“I didn’t tell anybody in the huddle what I was going to do,’’ said Grogan when talking about that play, which the Pats needed late in the game to take the lead. “I called a run right. [Wide receiver Stanley] Morgan and I had a relationship, and when I said a certain thing, he knew I was coming his way.’’
From there, Grogan kept the train moving and the Patriots ultimately ripped off six wins in a row.
“He was the turnaround king. Grogan was a good quarterback,’’ said Hannah.
But as good as Grogan was in leading the offense, it was a devastating defense that consistently sparked an explosion of turnovers game in and game out.
They were flat-out mean.
“We had a great defense,’’ said Hannah. “We had Andre Tippet and Donnie Blackmon as bookends. You couldn’t double-team one and leave the other unblocked. There was no getting outside on those two guys. They were the best outside linebackers I’ve ever seen put on a team.’’
Tippett, the Hall of Fame linebacker, attributes the tenacity of that New England defense to the demand for perfection.
“We had guys who were willing to push each other and challenge each other,’’ said Tippett. “We set the tempo in practice, and it got pretty heated out there. Don Blackmon was good as any linebacker in the league. We prided ourselves in controlling the tight ends and man handling those guys with the demand for perfection.’’
Let’s Win on the Road
The Patriots, despite Grogan going down with a broken leg in game 13 against the Bills, were able to hang on with the leadership of Eason to claim the AFC Wildcard with an 11-5 record.
But the road to New Orleans had to start at the Meadowlands. Eason played a near-flawless game, and the Patriots were able to win their first playoff contest since the AFL days of the early-1960’s.
Do you believe? What on earth is happening?
Next up was a west coast trip to Los Angeles to face the mighty Raiders, featuring Howie Long and Co. The Raiders were the top-rated team in the AFC. But it was the ball-hawking Patriots that forced six turnovers en route to an improbable 27-20 win at the Coliseum.
Nobody knew what the hell was going on. The Patriots pulled two big upsets on the road, and somehow set up a date with Dan Marino and the high-flying Dolphins to decide who would go the Super Bowl.
A confident Miami fan base rejoiced in the lowly Patriots coming into the Orange Bowl. New England didn’t stand a chance.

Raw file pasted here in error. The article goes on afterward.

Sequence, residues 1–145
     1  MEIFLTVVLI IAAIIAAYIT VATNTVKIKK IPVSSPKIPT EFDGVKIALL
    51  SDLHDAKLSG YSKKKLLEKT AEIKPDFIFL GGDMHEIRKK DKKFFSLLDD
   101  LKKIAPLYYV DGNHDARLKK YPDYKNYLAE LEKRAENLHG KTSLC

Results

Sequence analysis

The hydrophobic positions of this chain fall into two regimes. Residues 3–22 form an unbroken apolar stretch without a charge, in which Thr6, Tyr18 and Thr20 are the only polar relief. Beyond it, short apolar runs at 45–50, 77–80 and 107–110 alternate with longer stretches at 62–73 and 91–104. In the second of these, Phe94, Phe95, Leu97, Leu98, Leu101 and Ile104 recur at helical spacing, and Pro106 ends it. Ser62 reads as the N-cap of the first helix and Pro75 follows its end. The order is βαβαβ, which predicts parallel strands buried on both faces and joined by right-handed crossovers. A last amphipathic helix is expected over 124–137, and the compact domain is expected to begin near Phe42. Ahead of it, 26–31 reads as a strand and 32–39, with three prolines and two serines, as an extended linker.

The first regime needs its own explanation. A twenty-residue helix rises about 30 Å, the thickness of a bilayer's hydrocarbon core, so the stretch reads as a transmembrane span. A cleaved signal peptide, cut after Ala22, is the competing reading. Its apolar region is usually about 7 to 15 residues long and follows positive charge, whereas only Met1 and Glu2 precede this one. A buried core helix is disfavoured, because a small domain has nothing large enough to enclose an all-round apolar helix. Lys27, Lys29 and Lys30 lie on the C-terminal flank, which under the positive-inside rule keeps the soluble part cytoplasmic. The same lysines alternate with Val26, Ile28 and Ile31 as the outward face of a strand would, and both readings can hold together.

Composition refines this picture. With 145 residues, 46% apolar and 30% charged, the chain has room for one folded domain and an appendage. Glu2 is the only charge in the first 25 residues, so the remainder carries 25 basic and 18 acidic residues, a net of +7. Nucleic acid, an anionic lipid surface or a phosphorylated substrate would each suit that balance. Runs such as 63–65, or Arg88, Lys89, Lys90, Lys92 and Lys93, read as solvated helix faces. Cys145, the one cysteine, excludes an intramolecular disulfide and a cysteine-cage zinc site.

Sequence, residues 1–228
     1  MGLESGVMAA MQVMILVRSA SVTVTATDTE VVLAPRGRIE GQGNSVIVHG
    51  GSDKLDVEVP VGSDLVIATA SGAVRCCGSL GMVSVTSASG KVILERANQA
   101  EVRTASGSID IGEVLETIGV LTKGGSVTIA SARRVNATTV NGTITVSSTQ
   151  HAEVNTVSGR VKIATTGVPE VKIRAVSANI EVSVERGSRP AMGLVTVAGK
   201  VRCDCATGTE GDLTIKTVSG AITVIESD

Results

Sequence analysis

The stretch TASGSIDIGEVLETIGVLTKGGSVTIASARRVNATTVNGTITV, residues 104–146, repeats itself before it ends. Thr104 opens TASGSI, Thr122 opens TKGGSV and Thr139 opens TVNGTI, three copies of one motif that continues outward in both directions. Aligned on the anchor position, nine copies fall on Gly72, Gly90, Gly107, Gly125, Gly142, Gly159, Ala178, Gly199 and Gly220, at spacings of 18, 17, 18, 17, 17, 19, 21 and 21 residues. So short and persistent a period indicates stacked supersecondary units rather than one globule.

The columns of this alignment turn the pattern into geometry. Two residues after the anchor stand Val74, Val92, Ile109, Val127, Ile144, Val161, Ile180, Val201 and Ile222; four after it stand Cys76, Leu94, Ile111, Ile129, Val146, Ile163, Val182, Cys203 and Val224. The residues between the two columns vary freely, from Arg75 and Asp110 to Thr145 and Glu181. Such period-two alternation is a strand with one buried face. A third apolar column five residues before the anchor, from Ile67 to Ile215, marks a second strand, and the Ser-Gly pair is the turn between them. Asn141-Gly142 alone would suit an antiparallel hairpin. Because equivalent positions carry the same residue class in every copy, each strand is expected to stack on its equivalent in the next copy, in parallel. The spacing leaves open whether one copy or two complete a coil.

Squish the Fish
One of the greatest sports rallying cries of all-time: Squish the Fish. T-shirts were everywhere, Patriots fever had swept up blue collar New England with fervor, and everyone was proud. I brought my foam finger to school every day.
“We’re going to take the Orange Bowl apart … brick by brick!’’
And take it apart they did, in the most old-fashioned way you could ever pull apart a brick building. The Patriots just straight smashed it.
“The coaches decided we were going to run the ball and keep it from Marino,’’ said Hannah. “I think we only threw the ball like 10 or 12 times. It was rock ‘em, sock ‘em football.’’
It was 12 times, 10 Tony Eason completions for 71 yards. But they ran the ball a whopping 59 times for 255 yards, and possessed the ball for a staggering 40 minutes. It had rained a bit in Miami, which cooled down the temps and made the field muddy. Even better for some northern smashmouth festivities. The Patriots simply said: the ball is ours, try to take it away. We are tougher than you.
The Dolphins were never close, coughing the ball up six times en route to a 31-14 trouncing at the hands of the lowly New England Patriots.
My family watched the first half at Memere’s house, and the second half at my Aunt Karen and Uncle Bill’s house, all in Haverhill. As the clock wound down in the fourth quarter, my dad laid on the floor with his hands on his forehead, and said a few times: “I can’t believe the Patriots are going to the Super Bowl.’’
LA Times columnist Scott Ostler was visibly agitated in his Jan. 13, 1986 column, and at the time, shared the sentiments of many NFL-watching Americans.
OK, so what’s the crime in running the ball? What’s wrong with a conservative offense? Nothing, except this is the Super Bowl we’re coming up to, a game the NFL builds up like a show-biz spectacular, a game where the fans want to see a little glitter and dazzle, and here come the New England Molemen.’’
Everybody wanted the Dolphins to win. Just a few weeks prior, Miami handed the Chicago Bears – the eventual Super Bowl champion – their only negative mark in the standings on a national Monday Night Football stage.
But instead, it was the Patriots. The hard-working, no nonsense, get your boots on and your lunch pale packed—it’s time to do some demo work—ragtime bunch. There are few moments in sports history where a team reflected its region like this crew and the residents of New England.
Regardless of the outcome of Super Bowl XX, which was a 46-10 drubbing at the hands of one of the greatest single season teams in the history of the NFL, the Patriots’ magical run of 1985 should be held in the highest regard by sports fans across New England.
It’s a team you should always think back on and feel extremely proud. They are New England to the core. And if you don’t know, take it from me. You would have loved them. Maybe you do right now.
Photos from the 1985 Patriots season.